For technologists seeking work in a research facility, the American Association for Laboratory Animal Science (AALAS) offers the following certifications for technicians and technologists: Laboratory Animal Technician (LAT) and Laboratory Animal Technologist (LATG).

Although certification is not mandatory, workers at each level can show competency in animal husbandry, health and welfare, and facility administration and management to prospective employers. To become certified, candidates must have work experience in a laboratory animal facility and pass the AALAS examination.

Important Qualities

Communication skills. Veterinary technologists and technicians spend a substantial amount of their time communicating with supervisors, animal owners, and other staff. In addition, a growing number of technicians counsel pet owners on animal behavior and nutrition.

Compassion. Veterinary technologists and technicians must treat animals with kindness and must be sensitive when dealing with the owners of sick pets.

Detail oriented. Veterinary technologists and technicians must pay attention to detail. They must be precise when recording information, performing diagnostic tests, and administering medication.

Manual dexterity. Veterinary technologists and technicians must handle animals, medical instruments, and laboratory equipment with care. They do intricate tasks, such as dental work, giving anesthesia, and taking x rays, which require a steady hand.

Problem-solving skills. Veterinary technologists and technicians need strong problem-solving skills in order to identify injuries and illnesses and offer the appropriate treatment.

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Average Length of Employment
Surgery Technician 3.3 years
Veterinary Nurse 3.0 years
Technician 2.7 years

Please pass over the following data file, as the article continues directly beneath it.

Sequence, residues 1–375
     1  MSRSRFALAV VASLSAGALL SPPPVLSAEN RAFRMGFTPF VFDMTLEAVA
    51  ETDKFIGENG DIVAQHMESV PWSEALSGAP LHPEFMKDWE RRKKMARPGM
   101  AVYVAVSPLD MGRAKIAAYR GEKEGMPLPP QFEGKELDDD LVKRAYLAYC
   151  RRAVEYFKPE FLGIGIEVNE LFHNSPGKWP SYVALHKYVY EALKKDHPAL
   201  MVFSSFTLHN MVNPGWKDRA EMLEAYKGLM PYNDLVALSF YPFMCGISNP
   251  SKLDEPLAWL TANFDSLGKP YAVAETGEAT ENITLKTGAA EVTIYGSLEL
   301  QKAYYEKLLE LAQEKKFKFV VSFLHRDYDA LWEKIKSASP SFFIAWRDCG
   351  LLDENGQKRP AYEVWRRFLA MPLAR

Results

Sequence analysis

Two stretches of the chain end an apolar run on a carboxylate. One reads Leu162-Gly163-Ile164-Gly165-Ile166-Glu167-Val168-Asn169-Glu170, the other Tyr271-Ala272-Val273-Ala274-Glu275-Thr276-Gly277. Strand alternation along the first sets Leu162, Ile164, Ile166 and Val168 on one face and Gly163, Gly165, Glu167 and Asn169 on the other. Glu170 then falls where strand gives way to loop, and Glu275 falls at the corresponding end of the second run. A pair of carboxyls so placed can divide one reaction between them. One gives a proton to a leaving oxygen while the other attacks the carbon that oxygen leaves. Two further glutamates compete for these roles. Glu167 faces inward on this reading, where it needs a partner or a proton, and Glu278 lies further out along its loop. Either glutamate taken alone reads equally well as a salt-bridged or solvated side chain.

Top Careers Before Veterinary Laboratory Technician
Internship 4.3%
Technician 4.3%
Volunteer 3.6%
Top Careers After Veterinary Laboratory Technician
Owner 3.4%
Cashier 3.4%

Do you work as a Veterinary Laboratory Technician?

Veterinary Laboratory Technician Demographics

Gender

Female

72.3%

Male

19.3%

Unknown

8.4%
Ethnicity

White

63.8%

Hispanic or Latino

16.8%

Black or African American

10.3%

Asian

6.5%

Unknown

2.5%
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Foreign Languages Spoken

Spanish

87.5%

French

12.5%

Veterinary Laboratory Technician Education

Schools

Bel-Rea Institute of Animal Technology

13.2%

Saint Petersburg College

10.5%

Purdue University

7.9%

Miami Dade College

5.3%

Brookstone College of Business - Charlotte

5.3%

Southern Illinois University Carbondale

5.3%

University of Massachusetts Amherst

5.3%

Murray State University

5.3%

Oklahoma State University

5.3%

Michigan State University

5.3%

Lake Erie College

5.3%

North Shore Community College

5.3%

University of Texas at Arlington

2.6%

University of Florida

2.6%

Alamance Community College

2.6%

Delaware Technical and Community College

2.6%

College of Lake County

2.6%

University of Maryland - University College

2.6%

Belmont Abbey College

2.6%

Stautzenberger College

2.6%
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Majors

Medical Assisting Services

26.7%

Biology

12.9%

Animal Science

11.9%

Clinical/Medical Laboratory Science

6.9%

Nursing

5.0%

Business

4.0%

Agricultural Production Operations

4.0%

Veterinary Medicine

3.0%

Health Care Administration

3.0%

Liberal Arts

3.0%

General Education, Specific Areas

2.0%

Health Sciences And Services

2.0%

Political Science

2.0%

Biochemistry, Biophysics, Molecular Biology

2.0%

Health/Medical Preparatory Programs

2.0%

Biomedical Sciences

2.0%

Veterinary Science

2.0%

Biotechnology

2.0%

Information Technology

2.0%

Communication

2.0%
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Degrees

Associate

30.6%

Bachelors

27.6%

Other

24.6%

Masters

11.9%

Certificate

3.7%

Diploma

1.5%
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Top Skills for A Veterinary Laboratory Technician

  1. In-House Laboratory Tests
  2. Chemistry Panels
  3. Patient Care
You can check out examples of real life uses of top skills on resumes here:
  • Collected blood samples and performed chemistry panels on a variety of species.
  • Assisted the Veterinarian with animal care including surgery -Services provided included phlebotomy, administered inoculations, animal restraint and animal husbandry.
  • Assisted research veterinarian with physicals, investigative surgeries, and drug/anesthetic induction and diagnostic protocol requirements.
  • Provided friendly customer service at cashier, drop-off and pick-up counters.
  • Assist Veterinarian in surgery, monitoring vital statistics, sample analysis, radiology, pharmaceuticals and treatment.